How To Repair and Protect Your Skin’s Lipid Barrier

How to Repair and Protect Your Skin's Lipid Barrier

A strong, well-functioning lipid barrier is the foundation of healthy, glowing skin.

If you’ve ever experienced burning skin, swelling, itching or flakiness and redness these could all be signs that your lipid barrier has been compromised or damaged, and is in need of extra support and care.

In this blog we discuss how you can keep your skin’s most important line of defence fighting fit – the signs of a compromised lipid barrier, 7 key steps to take care of your lipid barrier and ingredients to look out for your in your products. 

Overall there are 3 key components to the skin’s most outermost defence mechanisms:  the Skin Microbiota; The Lipid Barrier and Acid Mantle.

Also known as the Skin Barrier or Moisture Barrier, the Lipid Barrier is found in the Stratum Corneum of our skin.

The Stratum Corneum is the outermost layer of the epidermis and consists of corneocytes (layers of dead skin cells) and lipids (the skin’s natural fats).

Dr. Peter M. Elias, an Epidermal Biology Expert likened the Stratum Corneum to a brick wall where the skin cells acts as bricks and the lipids act as the cement (mortar) keeping these bricks together. For me this is a great metaphor and a good way to visualise your own skin barrier.

This structure essentially keeps the water within our bodies inside and prevents Trans Epidermal Waterloss (TEWL), while shielding us against external / environmental stressors, bacteria and allergens.

 What are Lipids?

Lipids are the skin’s natural fats. There are 2 kinds of lipids: epidermal and sebaceous.

– Epidermal lipids are a mix composed of ceramides, free fatty acids and cholesterol.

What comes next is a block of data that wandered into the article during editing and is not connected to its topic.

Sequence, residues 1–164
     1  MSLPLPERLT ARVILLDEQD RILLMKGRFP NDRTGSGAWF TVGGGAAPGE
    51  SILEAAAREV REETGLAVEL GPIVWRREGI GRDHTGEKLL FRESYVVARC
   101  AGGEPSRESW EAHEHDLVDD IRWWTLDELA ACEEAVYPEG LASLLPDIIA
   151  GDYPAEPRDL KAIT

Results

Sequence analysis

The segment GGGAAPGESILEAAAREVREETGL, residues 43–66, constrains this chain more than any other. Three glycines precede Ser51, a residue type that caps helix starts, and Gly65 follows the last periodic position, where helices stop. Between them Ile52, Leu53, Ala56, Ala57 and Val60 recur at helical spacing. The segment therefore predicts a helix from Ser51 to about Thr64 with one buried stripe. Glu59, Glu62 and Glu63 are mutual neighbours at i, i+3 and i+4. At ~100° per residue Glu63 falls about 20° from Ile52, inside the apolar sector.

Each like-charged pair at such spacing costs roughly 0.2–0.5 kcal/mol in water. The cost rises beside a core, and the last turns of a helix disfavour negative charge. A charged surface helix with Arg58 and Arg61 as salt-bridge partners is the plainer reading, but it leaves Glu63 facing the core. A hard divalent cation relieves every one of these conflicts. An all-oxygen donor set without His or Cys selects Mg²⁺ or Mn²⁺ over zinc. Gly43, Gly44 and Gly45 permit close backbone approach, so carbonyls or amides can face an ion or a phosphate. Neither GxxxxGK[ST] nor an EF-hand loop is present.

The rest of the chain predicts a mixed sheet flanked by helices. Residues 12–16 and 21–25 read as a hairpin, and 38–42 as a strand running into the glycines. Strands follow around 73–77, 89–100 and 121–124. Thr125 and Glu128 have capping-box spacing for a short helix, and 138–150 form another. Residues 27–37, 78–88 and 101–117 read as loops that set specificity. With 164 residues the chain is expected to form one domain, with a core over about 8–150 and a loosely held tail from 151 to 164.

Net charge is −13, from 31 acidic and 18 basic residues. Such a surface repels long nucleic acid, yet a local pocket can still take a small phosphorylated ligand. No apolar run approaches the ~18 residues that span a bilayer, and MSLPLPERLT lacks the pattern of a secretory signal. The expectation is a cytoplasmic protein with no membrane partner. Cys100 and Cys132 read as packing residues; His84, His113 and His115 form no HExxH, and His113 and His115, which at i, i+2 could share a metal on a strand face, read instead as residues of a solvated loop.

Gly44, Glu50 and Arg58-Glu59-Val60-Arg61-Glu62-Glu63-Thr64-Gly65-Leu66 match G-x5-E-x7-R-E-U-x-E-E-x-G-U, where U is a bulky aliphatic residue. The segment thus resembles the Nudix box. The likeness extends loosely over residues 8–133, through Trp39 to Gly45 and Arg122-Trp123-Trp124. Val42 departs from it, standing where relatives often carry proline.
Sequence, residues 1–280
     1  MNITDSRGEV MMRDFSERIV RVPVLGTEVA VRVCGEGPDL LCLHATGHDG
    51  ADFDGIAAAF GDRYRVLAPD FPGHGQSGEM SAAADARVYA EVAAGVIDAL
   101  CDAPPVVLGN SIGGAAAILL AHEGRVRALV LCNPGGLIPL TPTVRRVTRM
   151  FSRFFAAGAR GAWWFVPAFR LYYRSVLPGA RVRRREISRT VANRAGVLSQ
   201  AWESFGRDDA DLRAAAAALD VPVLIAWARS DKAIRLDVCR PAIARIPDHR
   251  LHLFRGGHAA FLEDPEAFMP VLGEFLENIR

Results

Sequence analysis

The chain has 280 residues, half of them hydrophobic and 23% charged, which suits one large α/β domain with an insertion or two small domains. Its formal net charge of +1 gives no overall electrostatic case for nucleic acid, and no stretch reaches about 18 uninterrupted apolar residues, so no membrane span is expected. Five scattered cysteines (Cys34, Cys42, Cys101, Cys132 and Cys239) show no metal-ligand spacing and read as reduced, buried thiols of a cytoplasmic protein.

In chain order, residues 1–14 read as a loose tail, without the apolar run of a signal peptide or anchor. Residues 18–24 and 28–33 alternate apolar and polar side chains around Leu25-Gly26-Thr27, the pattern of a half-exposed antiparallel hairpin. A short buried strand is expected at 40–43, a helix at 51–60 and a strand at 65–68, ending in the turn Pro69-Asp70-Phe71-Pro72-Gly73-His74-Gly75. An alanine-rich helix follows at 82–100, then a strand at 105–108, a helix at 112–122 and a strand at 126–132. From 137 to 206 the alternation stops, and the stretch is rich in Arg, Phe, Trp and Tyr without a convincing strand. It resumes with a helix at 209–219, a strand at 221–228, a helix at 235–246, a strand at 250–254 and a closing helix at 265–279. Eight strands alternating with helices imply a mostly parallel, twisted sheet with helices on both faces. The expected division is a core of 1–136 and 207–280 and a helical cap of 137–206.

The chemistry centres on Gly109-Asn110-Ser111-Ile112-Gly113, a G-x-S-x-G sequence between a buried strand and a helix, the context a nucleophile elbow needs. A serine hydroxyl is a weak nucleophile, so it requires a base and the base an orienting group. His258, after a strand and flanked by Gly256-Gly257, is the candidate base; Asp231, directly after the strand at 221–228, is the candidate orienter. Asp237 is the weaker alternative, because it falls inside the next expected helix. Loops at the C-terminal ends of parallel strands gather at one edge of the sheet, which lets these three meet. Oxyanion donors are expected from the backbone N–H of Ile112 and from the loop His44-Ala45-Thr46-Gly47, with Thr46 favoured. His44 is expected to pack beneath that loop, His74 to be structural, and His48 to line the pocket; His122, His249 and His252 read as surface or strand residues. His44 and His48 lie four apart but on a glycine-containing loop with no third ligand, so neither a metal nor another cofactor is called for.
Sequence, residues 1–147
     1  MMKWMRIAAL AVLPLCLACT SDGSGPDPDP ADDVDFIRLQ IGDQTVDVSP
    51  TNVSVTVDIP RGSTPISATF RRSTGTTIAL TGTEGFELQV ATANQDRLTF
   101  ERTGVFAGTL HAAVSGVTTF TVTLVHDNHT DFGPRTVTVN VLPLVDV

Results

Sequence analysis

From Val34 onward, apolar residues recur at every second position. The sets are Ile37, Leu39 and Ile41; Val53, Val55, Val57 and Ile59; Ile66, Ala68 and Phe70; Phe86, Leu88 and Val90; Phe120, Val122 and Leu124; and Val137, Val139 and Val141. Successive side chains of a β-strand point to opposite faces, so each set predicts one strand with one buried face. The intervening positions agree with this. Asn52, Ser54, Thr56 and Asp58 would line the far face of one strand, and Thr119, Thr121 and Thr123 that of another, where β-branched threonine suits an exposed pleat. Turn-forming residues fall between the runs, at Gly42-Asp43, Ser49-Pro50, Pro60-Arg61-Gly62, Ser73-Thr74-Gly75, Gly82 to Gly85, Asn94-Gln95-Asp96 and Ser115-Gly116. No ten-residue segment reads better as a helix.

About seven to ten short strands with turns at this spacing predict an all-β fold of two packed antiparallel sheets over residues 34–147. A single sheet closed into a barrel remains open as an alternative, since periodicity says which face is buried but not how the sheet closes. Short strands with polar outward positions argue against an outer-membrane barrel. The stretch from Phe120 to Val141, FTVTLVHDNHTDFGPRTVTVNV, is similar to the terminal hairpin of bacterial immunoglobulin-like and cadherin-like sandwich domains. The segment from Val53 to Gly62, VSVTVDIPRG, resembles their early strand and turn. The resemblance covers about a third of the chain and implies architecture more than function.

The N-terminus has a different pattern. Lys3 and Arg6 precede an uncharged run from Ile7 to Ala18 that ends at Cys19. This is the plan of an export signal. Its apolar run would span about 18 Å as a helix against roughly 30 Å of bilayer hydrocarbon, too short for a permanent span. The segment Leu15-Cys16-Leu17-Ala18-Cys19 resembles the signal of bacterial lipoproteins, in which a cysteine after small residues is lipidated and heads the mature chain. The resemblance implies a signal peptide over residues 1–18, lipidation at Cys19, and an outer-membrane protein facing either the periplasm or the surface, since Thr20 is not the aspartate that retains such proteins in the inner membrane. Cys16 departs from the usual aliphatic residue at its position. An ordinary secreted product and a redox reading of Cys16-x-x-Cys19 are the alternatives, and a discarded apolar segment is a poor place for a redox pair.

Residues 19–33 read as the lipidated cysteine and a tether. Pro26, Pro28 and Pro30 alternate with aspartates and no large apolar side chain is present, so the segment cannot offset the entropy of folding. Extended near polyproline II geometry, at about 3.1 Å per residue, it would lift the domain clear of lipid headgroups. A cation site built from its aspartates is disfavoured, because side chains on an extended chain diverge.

– Sebaceous lipids include triglycerides, wax esters, and squalene.

External stressors that may cause lipid barrier sensitivity:

  • Pollutants, bacteria, pathogens and allergens.
  • Excessive sun exposure.
  • An environment that is too humid or too dry.
  • Use of soaps and detergents that may strip the skin lipid or moisture barrier.
  • Over-cleansing and over-exfoliating. 
  • Product overload and incorrect layering of products / active ingredients that can disrupt the pH of the skin. 
  • Any ingredient that may cause sensitivity or allergic reaction that may be unique to you.  What could work absolutely fine for someone else may trigger a reaction in you.

Internal factors that may cause lipid barrier sensitivity:

  • Genetics may contribute towards developing skin diseases like psoriasis and dermatitis.
  • Hormonal changes, ie. estrogen deficiency during peri-menopause and menopause may cause increased sensitivity as it affects the skin barrier’s ability to regenerate itself. 
  • As the lipid barrier is getting thinner you may notice that your skin takes longer to heal from cuts, bruises or breakouts. The skin may also become less able to defend itself against internal and external stressors (free radicals and oxidative stress) and biochemical triggers like Glycation.

Signs of a Weakened or Compromised Lipid Barrier

  • Increased sensitivity and/or soreness
  • Irritation
  • Swelling
  • Infection
  • Redness
  • Dryness
  • Noticeable flaking
  • Itching
  • Breakouts you can’t seem to get rid of

How to repair, nurture and care for your skin lipid barrier

Our skins can withstand a lot, but it still needs TLC and to be nurtured gently.

A damaged or compromised skin barrier needs to be taken care of even more carefully.

Once damaged it’s impossible to say how long it will take to repair and restore as it’s completely dependent on your unique situation.

A compromised skin barrier doesn’t always show immediately that there is an issue. It can take a while for it to develop or for an allergy or sensitivity to build up over time.

Sensitivity or an allergic reaction can also sometimes be difficult to pinpoint due to a delayed reaction to a particular ingredient / product – especially when we use so many different products in the same routine.

One way is to start eliminating products and / or ingredients that you may suspect is causing the issue while you completely cut back on your skincare routine and keep a note of what you’re doing so you can keep track of changes.

Once your skin is recovered you can then slowly start to reintroduce and observe how your skin reacts.

Depending on the severity of the reaction you may need to consider over the counter medication and / or seek help from a dermatologist or medical professional like a pharmacist.

I experienced this once with a very popular, much loved Vitamin C product – my eyelids and under eye area became completely swollen even though I didn’t apply the product in the under eye area, and I had large, itchy red bumps all over my face.